A colleague sent me the blog first thing this morning. I’m guessing it was sent to inspire or incite – it’s not clear which just yet. But the title read, “A Crisis is No Time for Improvisation.”
Really? Says who? Because my research shows study after study – over multiple decades – that identifies organizational improvisation at it’s most vital in the riskiest most crisis-laden moments.
“Emergency response organizations are faced with complex, unprecedented events with the potential for catastrophic losses. Prior research in behavioral aspects of improvisation in emergency management and other domains has led to improved understanding of its extent during response operations.”
(The Encyclopedia of Crisis Management, David Mendonca, Rensselaer Polytechnic Institute, Zeno Franco, Medical College of Wisconsin)
Harvard’s Ranjay Gulati teaches his students at the Harvard Business School about the explorer Ernest Schackleton, who had to improvise his way out of a shipwreck in the Antarctic Sea over 100 years ago in order to rescue his team. Gulati also explores the “other” Fukushima nuclear power plant, Daini, that was saved thanks to the improvised actions of site superintendent Naohiro Masuda.
Karl Weick, the esteemed organizational expert from the University of Michigan has written about this extensively. He studied such high risk occupations such as firefighters and aircraft carrier personnel, arriving at the conclusion that: “Organization is realized in moments of conversation and joint action that are embedded in day-to-day interactions.” He and his co-author Kathleen Sutcliffe go on to note:
“One pattern that seemed to recur was a sustained focus on small failures, less abstract specifics, ongoing operations, alternative pathways to keep going, and the mobilization of expertise. The variety within this pattern came from local customizing that produced meaningful practices that did not compromise the adaptive capacity that the pattern generated (“Managing The Unexpected,” Weik and Sutcliffe.”)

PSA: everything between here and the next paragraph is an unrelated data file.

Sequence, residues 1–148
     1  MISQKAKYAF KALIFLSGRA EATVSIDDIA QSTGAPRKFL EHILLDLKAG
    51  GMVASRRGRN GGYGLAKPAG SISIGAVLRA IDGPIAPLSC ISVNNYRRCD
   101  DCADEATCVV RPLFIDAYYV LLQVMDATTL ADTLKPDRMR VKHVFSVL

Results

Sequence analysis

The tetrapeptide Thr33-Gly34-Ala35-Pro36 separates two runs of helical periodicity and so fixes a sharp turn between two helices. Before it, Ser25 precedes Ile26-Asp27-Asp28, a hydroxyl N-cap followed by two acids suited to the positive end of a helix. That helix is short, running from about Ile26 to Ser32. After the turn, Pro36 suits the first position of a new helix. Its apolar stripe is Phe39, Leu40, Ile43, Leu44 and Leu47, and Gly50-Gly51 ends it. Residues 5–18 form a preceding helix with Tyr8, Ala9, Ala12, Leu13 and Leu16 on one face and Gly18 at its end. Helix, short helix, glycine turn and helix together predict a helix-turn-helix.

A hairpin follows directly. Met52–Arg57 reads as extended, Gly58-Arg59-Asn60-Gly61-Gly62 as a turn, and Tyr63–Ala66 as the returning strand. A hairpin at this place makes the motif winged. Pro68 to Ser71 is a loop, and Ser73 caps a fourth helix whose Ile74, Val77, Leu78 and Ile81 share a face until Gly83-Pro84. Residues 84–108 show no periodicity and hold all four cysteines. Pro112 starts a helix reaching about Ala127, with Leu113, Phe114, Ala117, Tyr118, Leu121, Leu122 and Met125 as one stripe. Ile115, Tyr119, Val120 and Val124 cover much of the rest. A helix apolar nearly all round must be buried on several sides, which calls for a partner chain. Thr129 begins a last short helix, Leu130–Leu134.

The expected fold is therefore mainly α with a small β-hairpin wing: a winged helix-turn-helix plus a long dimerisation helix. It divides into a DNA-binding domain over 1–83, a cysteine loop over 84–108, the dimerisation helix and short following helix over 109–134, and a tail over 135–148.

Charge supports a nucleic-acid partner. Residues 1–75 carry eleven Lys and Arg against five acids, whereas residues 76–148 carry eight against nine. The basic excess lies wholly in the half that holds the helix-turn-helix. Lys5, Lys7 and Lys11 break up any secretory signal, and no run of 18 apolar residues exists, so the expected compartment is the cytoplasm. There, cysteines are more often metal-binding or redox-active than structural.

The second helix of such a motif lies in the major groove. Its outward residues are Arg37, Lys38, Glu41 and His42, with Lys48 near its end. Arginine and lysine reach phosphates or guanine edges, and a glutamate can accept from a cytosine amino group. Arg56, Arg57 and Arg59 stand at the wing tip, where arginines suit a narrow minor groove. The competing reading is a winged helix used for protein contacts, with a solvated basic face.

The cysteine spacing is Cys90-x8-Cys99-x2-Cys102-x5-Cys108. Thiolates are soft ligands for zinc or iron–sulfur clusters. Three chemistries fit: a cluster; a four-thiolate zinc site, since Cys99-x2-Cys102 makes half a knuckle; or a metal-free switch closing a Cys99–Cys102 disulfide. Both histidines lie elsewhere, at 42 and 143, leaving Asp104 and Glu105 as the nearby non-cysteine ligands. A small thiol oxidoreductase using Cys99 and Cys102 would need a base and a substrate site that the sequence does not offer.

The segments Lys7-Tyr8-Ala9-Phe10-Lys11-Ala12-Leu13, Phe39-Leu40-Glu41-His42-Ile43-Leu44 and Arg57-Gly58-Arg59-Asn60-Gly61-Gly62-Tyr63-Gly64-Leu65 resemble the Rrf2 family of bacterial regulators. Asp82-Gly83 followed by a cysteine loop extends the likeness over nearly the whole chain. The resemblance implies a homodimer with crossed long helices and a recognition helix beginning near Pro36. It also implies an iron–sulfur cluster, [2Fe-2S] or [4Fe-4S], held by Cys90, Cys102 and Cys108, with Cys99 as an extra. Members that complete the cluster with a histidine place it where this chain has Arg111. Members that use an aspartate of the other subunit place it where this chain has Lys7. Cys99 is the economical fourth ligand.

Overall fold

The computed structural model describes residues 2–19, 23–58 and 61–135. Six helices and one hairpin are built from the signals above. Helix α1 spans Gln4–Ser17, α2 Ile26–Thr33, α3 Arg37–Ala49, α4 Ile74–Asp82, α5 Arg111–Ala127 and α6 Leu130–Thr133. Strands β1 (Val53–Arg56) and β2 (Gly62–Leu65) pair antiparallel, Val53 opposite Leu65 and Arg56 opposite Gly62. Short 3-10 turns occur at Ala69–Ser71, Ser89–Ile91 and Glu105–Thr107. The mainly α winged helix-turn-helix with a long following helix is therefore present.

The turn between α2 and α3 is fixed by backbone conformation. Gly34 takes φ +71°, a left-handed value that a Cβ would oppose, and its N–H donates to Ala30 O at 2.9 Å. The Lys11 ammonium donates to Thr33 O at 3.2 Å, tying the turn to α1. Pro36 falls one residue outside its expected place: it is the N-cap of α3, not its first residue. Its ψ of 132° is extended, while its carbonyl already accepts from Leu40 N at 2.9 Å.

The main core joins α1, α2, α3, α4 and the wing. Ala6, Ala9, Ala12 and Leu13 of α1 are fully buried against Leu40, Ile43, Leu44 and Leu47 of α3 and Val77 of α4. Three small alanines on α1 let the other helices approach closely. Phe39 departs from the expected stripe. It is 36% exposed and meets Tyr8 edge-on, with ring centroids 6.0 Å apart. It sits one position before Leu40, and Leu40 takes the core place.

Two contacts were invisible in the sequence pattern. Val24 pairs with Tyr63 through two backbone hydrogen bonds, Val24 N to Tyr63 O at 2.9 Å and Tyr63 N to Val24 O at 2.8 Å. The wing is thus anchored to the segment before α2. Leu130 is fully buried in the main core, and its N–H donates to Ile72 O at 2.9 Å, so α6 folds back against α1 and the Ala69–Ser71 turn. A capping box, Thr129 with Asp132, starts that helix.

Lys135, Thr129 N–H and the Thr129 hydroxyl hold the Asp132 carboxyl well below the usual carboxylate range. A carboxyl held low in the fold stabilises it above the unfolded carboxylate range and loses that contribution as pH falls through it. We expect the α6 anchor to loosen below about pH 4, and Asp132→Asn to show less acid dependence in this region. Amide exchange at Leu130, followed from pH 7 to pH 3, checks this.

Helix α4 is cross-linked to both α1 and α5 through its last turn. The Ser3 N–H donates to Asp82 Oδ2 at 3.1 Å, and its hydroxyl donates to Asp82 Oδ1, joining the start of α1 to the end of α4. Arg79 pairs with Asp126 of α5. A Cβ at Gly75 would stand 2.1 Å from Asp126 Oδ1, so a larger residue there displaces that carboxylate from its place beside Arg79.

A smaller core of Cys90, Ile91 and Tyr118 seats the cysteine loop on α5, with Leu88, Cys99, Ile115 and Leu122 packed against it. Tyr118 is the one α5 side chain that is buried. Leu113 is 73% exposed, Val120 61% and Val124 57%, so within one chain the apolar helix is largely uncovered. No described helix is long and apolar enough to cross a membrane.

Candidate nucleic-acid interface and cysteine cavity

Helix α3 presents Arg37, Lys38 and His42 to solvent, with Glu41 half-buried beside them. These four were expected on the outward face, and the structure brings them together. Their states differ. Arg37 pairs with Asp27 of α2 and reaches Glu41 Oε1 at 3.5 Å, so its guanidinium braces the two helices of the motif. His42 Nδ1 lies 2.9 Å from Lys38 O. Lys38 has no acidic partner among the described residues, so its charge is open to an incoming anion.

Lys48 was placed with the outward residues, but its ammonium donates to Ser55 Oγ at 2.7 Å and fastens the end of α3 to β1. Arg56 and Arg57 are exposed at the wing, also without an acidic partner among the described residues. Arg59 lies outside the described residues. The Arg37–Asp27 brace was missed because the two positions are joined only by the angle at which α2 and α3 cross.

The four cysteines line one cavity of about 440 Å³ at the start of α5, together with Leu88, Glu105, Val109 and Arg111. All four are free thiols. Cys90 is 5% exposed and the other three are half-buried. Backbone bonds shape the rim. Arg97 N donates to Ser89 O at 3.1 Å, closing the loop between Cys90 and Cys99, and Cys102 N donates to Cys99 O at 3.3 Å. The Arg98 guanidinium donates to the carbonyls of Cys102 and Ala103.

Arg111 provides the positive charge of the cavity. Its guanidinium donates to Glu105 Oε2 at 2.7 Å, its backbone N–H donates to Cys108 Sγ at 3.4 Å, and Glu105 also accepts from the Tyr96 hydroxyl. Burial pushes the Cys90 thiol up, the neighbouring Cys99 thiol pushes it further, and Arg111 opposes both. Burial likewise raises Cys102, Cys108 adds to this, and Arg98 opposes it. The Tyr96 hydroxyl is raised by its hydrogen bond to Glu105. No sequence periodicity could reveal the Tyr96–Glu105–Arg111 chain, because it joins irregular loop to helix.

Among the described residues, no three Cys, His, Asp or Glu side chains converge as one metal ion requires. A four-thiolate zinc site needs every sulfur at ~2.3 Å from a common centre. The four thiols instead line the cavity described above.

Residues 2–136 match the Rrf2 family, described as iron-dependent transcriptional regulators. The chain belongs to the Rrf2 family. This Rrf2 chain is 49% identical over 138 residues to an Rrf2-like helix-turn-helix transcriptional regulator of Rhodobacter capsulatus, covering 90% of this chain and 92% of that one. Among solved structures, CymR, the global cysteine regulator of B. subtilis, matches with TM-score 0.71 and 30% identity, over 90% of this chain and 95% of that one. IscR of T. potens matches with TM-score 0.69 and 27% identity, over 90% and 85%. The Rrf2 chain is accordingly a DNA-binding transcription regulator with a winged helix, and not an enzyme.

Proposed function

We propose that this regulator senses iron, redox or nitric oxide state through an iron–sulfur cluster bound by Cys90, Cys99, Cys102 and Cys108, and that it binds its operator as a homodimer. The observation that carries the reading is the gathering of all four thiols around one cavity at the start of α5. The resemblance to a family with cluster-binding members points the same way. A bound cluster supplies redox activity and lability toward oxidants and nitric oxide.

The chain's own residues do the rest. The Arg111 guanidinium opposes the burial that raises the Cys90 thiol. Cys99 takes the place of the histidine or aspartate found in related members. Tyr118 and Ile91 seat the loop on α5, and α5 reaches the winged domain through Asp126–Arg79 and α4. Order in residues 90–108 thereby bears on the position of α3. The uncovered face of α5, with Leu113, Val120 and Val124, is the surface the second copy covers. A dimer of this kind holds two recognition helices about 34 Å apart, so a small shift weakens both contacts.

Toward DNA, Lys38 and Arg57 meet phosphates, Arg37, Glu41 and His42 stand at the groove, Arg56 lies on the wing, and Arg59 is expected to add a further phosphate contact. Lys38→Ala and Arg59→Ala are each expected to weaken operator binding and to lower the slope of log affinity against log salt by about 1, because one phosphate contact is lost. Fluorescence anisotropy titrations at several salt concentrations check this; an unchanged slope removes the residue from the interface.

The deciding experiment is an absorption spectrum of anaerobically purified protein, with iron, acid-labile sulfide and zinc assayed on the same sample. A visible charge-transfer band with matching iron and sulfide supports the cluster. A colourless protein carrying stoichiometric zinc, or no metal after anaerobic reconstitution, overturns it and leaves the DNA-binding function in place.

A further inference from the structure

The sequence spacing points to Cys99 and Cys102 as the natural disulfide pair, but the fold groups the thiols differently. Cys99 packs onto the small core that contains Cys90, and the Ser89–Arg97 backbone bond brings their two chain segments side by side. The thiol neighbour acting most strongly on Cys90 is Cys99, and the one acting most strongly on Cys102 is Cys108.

Incorporating small failures, dealing with abstractions while still acting, considering alternatives in real time without slowing down and deferring to front line expertise. That’s improvisation to it’s core.
“Organization is realized in moments of conversation and joint action that are embedded in day-to-day interactions.”
Amy Ranking and her colleagues at Linkoping University in Sweden noted in a recent study that, “common characteristics of crisis situations are ambiguous and unplanned events. The need for improvised roles can therefore be an imperative factor for the success of the operation.”
And a group of scholars at the the University of Siegen in Germany produced research that found that, “in medium to large crisis situations, the pressure on emergency response organizations (police, firefighters, administration, etc…) to collaborate with each other effectively increases. While some aspects of coping and recovery work are covered by negotiated procedures (sometimes prescribed by law) and trained routines, the variety of influencing factors and framing conditions always leads to a need for improvisation also at an interorganizational level.”
Let’s remove the nuance. Bad improvisation won’t help in a crisis. But a crisis is rarely managed well in a “by the book manner” or by individuals who are not steeped in the ability to be divergent thinkers and agile collaborators. There’s a reason that our work has taken us into working with the US Army; in the field of ethics and compliance training; and hundreds of engagements with clients who are looking to increase the ability of their own employees to approach a crisis with the toolkit of an improviser.
“Improvisation is an orientation towards the unexpected and a practice in navigating complex human interactions while achieving an important goal.”
Yes, improvisation has been used to create amazing comedy. But improvisation is more than that. Improvisation is an orientation towards the unexpected and a practice in navigating complex human interactions while achieving an important goal. Put simply, crisis management is an act of improvisation.